Ungainly Bentayga 'Cayennes' Bentley In Its First Month On The Market
Mercedes-Benz began selling the ML in 1997. Seemingly more of a stretch, along came the BMW X5 two years later.
Then Porsche, not just a luxury carmaker but the preeminent German sports car builder, pulled the same stunt with the Cayenne in 2003. The move doesn’t seem so crazy now that Porsche produces 60 percent of its U.S. sales by way of the Cayenne and its little brother, the Macan.
Indeed, there were no surprises when earlier this year, in one fell swoop, the F-Pace became Jaguar’s best-selling model in its first month on the market, outselling the newly re-launched XF and the brand new XE right from the start.
But can the same strategy be replicated further upmarket? Much further upmarket, at a $232,000 price point? At a brand which suffered a 46-percent year-over-year sales decline in 2016’s first seven months?
Most definitely. The Bentayga is to Bentley what the Cayenne became to Porsche, what the F-Pace has already become at Jaguar. Only more so.
Ugly doesn’t seem so stand in the way of upmarket SUV success. The first Porsche Cayenne was nothing if not stylistically challenged, yet by 2006 the Cayenne was Porsche USA’s best-selling model, accounting for 43 percent of the brand’s sales.
With a face (and body) only a mother (and a slew of well-heeled buyers) could love, in the words of our own Steph Willems, the Bentayga may not be as ghastly as its EXP 9 F concept forerunner, but it’s no F-Pace. It’s no Range Rover. Let’s be honest: the Bentayga doesn’t hold a candle to the Mazda CX-3.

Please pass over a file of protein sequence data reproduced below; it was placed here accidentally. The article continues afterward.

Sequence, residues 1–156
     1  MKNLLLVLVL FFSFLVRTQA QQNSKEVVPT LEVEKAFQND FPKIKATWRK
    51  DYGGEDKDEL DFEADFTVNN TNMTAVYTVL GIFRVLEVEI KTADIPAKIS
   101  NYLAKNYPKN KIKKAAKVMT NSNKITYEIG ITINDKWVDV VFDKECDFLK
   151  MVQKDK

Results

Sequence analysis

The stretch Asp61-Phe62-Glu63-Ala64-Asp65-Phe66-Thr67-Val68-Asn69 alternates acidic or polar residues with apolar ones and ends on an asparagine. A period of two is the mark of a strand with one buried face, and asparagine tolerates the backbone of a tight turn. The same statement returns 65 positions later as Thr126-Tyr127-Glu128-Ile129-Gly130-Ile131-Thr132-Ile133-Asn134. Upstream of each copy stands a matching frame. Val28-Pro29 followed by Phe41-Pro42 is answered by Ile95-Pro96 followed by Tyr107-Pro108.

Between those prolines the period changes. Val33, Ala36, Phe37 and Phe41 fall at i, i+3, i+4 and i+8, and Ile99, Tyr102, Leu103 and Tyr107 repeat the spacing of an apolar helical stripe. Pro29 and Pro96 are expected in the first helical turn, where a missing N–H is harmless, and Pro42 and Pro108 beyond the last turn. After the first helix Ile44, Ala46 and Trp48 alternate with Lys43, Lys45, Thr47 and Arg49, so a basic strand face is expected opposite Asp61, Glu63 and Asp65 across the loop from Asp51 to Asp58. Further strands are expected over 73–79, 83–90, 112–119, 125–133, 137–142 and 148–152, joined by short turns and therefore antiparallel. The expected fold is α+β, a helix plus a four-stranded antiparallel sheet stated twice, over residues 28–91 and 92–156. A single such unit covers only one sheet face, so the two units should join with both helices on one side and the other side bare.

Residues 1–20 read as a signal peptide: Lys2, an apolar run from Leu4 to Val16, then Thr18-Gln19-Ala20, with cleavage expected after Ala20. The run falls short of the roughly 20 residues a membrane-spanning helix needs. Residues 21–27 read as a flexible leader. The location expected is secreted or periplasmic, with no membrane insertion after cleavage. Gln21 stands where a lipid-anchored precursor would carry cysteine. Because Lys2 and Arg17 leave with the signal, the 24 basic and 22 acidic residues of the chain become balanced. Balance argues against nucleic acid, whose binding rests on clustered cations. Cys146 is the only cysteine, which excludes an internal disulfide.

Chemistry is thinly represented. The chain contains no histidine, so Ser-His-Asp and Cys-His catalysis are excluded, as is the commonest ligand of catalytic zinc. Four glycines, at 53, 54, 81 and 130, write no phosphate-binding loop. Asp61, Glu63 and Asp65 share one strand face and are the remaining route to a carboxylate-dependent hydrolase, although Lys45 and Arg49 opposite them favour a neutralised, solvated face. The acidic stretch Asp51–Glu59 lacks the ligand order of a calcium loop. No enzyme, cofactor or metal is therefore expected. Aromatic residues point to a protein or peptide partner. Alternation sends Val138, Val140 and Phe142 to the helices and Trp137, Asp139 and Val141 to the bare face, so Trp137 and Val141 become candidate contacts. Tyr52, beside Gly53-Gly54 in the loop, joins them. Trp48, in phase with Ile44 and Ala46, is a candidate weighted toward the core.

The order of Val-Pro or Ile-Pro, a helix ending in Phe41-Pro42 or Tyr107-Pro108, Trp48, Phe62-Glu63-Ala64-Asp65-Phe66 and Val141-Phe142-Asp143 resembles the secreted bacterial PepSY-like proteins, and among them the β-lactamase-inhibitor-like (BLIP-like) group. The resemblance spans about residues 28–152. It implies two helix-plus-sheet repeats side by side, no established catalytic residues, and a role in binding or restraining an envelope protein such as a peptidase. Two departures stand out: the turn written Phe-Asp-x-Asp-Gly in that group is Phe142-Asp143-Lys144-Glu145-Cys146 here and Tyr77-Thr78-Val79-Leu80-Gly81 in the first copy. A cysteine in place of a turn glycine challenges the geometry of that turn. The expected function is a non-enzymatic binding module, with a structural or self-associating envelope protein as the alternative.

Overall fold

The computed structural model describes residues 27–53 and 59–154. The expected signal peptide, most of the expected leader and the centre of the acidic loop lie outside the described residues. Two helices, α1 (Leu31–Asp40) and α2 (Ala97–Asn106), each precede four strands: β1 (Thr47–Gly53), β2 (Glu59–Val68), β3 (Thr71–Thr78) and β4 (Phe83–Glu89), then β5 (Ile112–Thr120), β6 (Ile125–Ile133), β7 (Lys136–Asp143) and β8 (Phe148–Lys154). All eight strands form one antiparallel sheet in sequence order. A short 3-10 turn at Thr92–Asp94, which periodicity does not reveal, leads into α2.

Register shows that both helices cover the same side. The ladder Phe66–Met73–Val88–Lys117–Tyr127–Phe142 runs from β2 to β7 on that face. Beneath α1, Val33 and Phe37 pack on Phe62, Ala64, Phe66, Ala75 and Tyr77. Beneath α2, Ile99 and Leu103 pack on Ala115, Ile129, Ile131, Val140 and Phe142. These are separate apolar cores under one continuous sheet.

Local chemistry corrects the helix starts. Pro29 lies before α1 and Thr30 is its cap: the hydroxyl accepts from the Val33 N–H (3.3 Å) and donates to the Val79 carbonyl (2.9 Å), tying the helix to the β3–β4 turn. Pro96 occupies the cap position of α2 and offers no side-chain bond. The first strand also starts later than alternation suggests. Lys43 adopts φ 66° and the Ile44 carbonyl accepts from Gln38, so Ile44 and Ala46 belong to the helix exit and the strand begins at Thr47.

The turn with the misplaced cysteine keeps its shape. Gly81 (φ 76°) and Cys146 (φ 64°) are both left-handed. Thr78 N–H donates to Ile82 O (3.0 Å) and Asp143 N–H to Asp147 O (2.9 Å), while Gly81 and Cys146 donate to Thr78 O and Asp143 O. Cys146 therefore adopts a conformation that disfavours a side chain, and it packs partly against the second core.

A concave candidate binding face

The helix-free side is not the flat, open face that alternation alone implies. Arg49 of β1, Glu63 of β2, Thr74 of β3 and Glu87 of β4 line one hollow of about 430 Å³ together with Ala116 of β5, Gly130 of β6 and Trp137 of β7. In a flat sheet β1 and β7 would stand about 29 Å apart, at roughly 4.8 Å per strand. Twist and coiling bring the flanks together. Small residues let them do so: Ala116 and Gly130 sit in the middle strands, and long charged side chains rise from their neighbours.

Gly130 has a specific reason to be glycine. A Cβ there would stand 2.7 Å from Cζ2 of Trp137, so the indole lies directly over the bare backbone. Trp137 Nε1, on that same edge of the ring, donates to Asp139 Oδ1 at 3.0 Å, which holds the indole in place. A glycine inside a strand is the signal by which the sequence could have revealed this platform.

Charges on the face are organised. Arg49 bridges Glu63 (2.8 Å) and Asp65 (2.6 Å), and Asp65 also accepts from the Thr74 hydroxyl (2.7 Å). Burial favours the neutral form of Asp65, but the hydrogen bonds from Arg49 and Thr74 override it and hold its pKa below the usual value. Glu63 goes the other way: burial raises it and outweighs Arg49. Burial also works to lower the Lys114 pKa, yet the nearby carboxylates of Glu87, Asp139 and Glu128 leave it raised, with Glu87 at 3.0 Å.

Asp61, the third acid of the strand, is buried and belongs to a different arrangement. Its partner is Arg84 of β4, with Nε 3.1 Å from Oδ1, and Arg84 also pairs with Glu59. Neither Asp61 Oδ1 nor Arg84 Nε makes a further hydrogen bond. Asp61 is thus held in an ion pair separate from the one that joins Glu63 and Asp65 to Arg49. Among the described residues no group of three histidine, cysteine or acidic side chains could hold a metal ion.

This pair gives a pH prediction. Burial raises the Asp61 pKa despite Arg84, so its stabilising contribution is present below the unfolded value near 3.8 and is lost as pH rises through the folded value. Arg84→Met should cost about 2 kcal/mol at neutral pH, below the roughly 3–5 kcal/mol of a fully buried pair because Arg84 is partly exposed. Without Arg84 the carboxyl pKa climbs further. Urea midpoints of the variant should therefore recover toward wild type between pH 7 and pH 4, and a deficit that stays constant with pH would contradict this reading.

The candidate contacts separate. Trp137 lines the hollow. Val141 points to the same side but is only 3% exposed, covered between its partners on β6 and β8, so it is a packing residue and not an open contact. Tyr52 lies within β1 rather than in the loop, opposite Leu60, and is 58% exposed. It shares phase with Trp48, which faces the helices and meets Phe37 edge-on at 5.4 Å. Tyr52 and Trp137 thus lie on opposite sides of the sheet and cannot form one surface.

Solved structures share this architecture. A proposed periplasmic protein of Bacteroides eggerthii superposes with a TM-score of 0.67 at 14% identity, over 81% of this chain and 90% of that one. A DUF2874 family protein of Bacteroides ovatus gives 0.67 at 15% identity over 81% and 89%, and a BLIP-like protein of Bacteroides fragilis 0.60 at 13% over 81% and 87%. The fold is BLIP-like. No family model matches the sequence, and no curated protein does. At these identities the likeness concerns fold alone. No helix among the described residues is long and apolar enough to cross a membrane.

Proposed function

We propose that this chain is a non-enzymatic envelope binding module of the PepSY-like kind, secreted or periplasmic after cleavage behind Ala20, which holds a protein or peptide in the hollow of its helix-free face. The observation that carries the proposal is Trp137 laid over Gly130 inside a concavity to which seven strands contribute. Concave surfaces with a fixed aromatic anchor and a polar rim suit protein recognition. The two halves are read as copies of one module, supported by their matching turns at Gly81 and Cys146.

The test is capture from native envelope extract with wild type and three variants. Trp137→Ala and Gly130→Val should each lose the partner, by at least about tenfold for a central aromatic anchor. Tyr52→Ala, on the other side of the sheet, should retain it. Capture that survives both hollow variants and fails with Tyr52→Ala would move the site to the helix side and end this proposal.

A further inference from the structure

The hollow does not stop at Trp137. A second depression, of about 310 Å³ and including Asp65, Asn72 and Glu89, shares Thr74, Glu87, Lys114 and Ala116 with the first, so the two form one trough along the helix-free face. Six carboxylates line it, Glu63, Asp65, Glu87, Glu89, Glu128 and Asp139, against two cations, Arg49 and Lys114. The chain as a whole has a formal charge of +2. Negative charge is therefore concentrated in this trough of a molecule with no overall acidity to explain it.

Subjective styling analysis aside — even if the TTAC masthead and B&B is largely in agreement — we do know that Bentley sales were in the toilet heading into August.
Following an end-of-year surge to 581 sales circa Christmas 2015, Bentley volume decreased in seven consecutive months, year-over-year. U.S. sales in January and February fell into double-digits for just the second and third time in 61 months. February volume, in fact, tumbled to a 67-month low. Through July 2016, Bentley was on track for its worst U.S. sales year since 2010, when the recession blues had caused Bentley volume to plunge by two-thirds from its 2007 peak.
SUVs to the rescue! After averaging 113 monthly sales between January and July, Bentley reported 399 sales in August 2016, the first month of Bentayga sales, according to the Automotive News Data Center.
There was little help from the Volkswagen-owned, British brand’s establishment. Other Bentleys tumbled 23 percent, though the Mulsanne flagship recorded an eight-unit uptick to 19 sales. Flying Spur volume was cut in half. Continental GT volume decreased 8 percent.
The Bentayga generated 56 percent of all Bentley sales. Pent-up demand for a long-awaited model — yes, people put their names on waiting lists for vehicles this hideous — explains a portion of the Bentayga’s possibly exaggerated first-month success. But who are we kidding: specific trim levels of the Range Rover aside, the market has largely been devoid of an ultra-high-end luxury SUV to line up alongside Mulsannes and Phantoms and Rapides and Maybachs. It won’t be surprising to see long-term demand for the Bentayga.
If the Bentayga was the only Bentley on sale in America in August, its 223 sales would still have produced Bentley’s best month of sales this year, and by a long shot.
By the standards of the Honda CR-V and Toyota RAV4, crossovers that routinely attract more than 30,000 buyers every month, the Bentayga is undoubtedly a rare beast. Yet in August, the big Bentley wasn’t that much more uncommon than some far more affordable utilities. Lincoln sold 273 MKTs in August; Toyota reported 270 Land Cruiser sales.
[Charts: © The Truth About Cars; Image: Bentley; Bentley sales source: Automotive News Data Center]
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